Monday, January 27, 2014
Syrian Talks Move to Issue of 'Transition of power'
On Sunday, the Syrian government delegation said women and children may leave the city - but demanded a list of names of men who want to leave. Some opposition delegates expressed reservations over the conditions.
"The regime keeps asking for lists," Obeida Nahas of the Syrian National Council said.
"We feel that these are lists that they will use in detaining people and maybe torturing them."
Officially the negotiations are due to tackle the potentially explosive question of transferring power in Syria on Monday . Those talks may still happen - but there is likely to be new pressure on President Bashar al-Assad's government over whether it will comply with a UN plan to send humanitarian aid to Homs.
Mr Brahimi admitted the talks were proceeding slowly but said that on Monday he "expected the two parties to make some general statement about the way forward". He said it was "too early" to assess the prospects of a comprehensive deal.
The opposition and government are fundamentally divided over the aims of the conference. The government delegation has said the main issue of the talks is finding a solution to foreign-backed "terrorism". The opposition, however, had insisted that the regime commit in writing to the Geneva I communique, which called for a transition process. It urged Syria to form a transitional governing authority that "could include members of the present government and the opposition and other groups".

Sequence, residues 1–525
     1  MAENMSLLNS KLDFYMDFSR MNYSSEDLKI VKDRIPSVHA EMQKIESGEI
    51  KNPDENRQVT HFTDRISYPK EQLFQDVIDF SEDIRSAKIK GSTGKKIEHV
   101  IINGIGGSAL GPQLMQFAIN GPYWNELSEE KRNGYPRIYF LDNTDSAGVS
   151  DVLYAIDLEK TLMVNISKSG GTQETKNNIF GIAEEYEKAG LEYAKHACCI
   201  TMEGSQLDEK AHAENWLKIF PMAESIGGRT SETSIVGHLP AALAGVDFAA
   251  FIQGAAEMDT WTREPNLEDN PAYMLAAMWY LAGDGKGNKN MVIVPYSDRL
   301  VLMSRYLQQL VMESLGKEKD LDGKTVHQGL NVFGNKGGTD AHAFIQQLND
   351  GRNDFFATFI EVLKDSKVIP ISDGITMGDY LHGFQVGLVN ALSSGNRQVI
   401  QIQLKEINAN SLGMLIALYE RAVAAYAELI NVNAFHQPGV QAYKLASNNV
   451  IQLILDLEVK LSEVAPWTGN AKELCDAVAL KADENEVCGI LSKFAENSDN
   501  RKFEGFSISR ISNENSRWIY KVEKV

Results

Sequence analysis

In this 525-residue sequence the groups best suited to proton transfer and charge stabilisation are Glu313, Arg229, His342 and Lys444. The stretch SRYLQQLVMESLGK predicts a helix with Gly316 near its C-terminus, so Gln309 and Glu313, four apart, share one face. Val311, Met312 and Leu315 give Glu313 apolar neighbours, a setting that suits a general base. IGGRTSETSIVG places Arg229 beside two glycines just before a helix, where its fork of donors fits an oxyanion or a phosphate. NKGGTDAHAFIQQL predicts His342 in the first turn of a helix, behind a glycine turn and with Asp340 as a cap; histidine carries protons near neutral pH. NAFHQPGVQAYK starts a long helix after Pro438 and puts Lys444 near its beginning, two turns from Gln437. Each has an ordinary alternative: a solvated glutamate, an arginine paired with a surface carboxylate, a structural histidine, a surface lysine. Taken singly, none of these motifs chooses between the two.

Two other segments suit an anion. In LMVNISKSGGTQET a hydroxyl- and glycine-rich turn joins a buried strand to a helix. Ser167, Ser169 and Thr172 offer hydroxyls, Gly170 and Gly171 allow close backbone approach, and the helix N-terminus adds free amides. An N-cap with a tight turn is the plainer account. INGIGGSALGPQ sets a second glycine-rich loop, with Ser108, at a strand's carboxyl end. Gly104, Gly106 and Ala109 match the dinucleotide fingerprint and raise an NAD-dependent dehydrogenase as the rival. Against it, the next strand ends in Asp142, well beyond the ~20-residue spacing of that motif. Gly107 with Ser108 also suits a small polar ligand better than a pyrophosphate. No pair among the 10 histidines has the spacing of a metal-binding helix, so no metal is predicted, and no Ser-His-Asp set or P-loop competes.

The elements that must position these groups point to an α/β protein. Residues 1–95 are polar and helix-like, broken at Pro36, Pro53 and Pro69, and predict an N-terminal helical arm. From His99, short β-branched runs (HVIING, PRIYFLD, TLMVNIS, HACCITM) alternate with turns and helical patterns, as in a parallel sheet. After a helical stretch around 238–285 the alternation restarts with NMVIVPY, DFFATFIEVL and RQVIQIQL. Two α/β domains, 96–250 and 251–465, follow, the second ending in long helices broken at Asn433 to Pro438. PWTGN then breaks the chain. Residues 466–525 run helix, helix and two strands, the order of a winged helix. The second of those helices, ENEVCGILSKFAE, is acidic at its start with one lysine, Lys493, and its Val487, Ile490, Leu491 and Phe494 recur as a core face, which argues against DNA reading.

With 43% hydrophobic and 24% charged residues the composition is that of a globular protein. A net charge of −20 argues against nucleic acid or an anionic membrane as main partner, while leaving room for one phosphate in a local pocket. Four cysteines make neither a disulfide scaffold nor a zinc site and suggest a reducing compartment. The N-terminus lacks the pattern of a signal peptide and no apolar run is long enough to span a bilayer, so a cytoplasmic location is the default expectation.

The opposition has also been asking for the release of thousands of prisoners in government detention. Mr Brahimi said he expected the talks on Monday to follow Sunday's format; he would hold a joint session with the government and opposition in the morning before meeting the sides separately in the afternoon. The UN envoy said he had been encouraged by the atmosphere at the talks on Sunday, saying they had been characterized by "respect and exchange".
Syria's civil conflict has claimed well over 100,000 lives since it began in 2011. The violence has also driven 9.5 million people from their homes, creating a major humanitarian crisis within Syria and for its neighbours.